Top Ten Tuesday: The Books That Taunt Me From the Shelves

This week’s TTT, hosted by The Broke and The Bookish, is about the books we struggled with. In my epic mission to read every book ever written, I come across a few which I cannot bear to read. It makes me feel like a failure.

Ulysses by James Joyce
This is the ultimate one; I was meant to read this at uni and it was SO BLOODY BORING that I read the first chapter, the seventh chapter and the last chapter and then hid the book under my bed.

The Country of Ice Cream Star by Sandra Newman
I had very good intentions of reading this, but, as I recall, the style was really hard to get into, so I gave up. Because I am a terrible quitter.

It Can’t Happen Here by Sinclair Lewis
I bought this a couple of months ago, fascinated by its premise of a demagogue lunatic winning the US presidential election, but it was dull and, in light of the real life demagogue lunatic, life just seems too short.

The Bone Clocks by David Mitchell
I can’t actually remember why I gave this one up. I think that after about 250 pages it suddenly shifted to a completely different character and I couldn’t be bothered to get involved. I do intend to come back to this one.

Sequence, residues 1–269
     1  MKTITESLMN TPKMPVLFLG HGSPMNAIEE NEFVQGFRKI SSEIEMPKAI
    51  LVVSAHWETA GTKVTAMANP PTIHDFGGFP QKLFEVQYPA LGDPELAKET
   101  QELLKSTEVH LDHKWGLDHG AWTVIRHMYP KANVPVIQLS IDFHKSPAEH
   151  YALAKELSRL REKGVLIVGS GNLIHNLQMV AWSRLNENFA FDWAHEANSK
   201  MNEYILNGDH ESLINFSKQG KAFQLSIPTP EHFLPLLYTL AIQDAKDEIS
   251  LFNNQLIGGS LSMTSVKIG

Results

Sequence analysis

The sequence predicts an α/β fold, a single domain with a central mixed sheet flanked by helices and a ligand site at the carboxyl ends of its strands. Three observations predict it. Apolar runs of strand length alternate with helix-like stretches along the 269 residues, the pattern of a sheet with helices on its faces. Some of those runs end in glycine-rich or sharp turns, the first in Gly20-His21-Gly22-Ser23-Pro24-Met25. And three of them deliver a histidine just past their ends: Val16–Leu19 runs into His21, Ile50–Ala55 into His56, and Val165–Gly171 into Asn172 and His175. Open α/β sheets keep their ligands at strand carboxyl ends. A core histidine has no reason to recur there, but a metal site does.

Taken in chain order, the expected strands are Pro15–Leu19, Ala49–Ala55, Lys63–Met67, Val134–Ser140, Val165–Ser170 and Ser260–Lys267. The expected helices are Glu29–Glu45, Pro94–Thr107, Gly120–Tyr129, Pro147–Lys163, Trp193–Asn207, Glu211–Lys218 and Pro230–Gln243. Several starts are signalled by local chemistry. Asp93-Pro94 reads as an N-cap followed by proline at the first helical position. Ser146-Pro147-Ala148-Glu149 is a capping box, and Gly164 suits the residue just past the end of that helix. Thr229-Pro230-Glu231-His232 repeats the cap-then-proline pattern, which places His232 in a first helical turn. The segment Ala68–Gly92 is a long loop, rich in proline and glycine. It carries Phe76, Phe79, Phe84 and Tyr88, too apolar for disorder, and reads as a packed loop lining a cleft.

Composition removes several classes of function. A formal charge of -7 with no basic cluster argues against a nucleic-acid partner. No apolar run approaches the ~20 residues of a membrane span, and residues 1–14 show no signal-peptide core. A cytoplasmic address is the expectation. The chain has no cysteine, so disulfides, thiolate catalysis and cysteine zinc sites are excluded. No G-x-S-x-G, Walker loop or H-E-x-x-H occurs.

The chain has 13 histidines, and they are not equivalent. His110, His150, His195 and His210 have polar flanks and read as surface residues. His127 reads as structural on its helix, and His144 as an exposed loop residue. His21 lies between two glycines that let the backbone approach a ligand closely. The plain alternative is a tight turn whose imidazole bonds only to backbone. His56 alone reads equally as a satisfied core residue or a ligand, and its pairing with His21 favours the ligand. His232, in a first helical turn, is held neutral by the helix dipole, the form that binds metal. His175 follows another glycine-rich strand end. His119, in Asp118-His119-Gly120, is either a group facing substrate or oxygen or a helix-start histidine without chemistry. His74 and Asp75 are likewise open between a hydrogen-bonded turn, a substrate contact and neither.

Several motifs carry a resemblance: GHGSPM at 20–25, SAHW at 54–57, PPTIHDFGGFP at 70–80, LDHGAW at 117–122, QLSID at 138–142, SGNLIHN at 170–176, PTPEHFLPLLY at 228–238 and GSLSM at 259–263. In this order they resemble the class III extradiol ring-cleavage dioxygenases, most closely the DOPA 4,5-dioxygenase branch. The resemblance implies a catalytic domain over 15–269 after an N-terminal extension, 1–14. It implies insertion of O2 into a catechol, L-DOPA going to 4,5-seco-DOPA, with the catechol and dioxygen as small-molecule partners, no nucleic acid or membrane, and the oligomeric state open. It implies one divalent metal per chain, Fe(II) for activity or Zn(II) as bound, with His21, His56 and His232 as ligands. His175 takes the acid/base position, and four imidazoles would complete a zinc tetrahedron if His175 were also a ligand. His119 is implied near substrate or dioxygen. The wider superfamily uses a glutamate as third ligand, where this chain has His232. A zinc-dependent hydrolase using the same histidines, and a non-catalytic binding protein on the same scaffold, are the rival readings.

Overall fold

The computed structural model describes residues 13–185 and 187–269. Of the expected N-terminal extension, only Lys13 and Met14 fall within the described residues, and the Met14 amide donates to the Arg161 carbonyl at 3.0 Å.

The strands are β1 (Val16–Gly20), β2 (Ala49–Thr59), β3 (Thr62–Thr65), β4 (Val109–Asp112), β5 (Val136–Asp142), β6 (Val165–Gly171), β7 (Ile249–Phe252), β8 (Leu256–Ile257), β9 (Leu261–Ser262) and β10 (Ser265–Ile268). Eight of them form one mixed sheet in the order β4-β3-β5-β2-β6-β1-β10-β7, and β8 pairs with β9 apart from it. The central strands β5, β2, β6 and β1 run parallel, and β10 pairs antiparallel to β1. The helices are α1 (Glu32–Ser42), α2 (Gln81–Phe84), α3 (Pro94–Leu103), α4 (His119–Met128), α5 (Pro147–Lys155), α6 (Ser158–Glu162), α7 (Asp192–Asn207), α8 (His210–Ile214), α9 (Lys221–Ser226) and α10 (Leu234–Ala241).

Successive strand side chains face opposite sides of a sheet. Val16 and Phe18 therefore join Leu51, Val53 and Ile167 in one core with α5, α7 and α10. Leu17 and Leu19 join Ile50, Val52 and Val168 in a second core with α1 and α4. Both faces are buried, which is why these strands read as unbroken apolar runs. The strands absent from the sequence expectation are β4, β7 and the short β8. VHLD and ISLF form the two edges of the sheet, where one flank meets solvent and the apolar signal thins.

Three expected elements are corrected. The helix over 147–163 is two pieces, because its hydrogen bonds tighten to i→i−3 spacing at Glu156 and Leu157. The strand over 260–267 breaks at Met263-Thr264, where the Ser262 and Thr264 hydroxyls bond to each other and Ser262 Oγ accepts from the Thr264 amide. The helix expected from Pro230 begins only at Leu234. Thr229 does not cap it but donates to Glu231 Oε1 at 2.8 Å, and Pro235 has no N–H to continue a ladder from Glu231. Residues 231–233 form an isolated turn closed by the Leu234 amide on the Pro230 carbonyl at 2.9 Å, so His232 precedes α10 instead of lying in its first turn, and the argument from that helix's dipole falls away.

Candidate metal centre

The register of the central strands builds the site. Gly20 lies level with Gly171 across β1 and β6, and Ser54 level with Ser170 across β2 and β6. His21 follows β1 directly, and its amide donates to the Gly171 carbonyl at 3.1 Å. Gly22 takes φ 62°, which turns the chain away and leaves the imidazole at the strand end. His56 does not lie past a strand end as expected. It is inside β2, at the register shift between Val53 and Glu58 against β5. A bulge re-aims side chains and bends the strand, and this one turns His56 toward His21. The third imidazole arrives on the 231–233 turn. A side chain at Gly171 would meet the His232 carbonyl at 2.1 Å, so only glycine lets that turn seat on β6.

Barkskins by Annie Proulx
I am definitely going to go back to this one (in fact, I hope I will have done this by the time this post is up). I did enjoy the first 100 pages and I love Proulx; it’s just really long and hard to hold up because it weighs about a million tonnes.

Back to the Future of Socialism by Peter Hain
I was all inspired by Jeremy Corbyn, which is why I bought this, and I do intend to finish it, but it’s ever so slightly dull, so it continues to sit and glare at me from my bedside table.

Swamplandia! by Karen Russell
Now, I was actually enjoying this a lot, but at one point I had to put it down five years ago to go and vomit (pregnancy is a delight) and now the thought of going back to it makes me ill.

The Bazaar of Bad Dreams by Stephen King
Last October I decided to read some King to get in the Halloween spirit and everything, but this collection of stories was just pretty boring and blokey.

A Brief History of Seven Killings by Marlon James
Something else I had strong intentions to read, but the opening chapter was such a struggle that I just decided not to, because I am a grown-up and can do that.

The Satanic Verses by Salman Rushdie
I love some of Rushdie’s books (The Ground Beneath Her Feet and Midnight’s Children) so I thought I should read this, but basically just no. Also I took it on holiday to read on the plane and the first thing that happens is a plane crash so, again, no.

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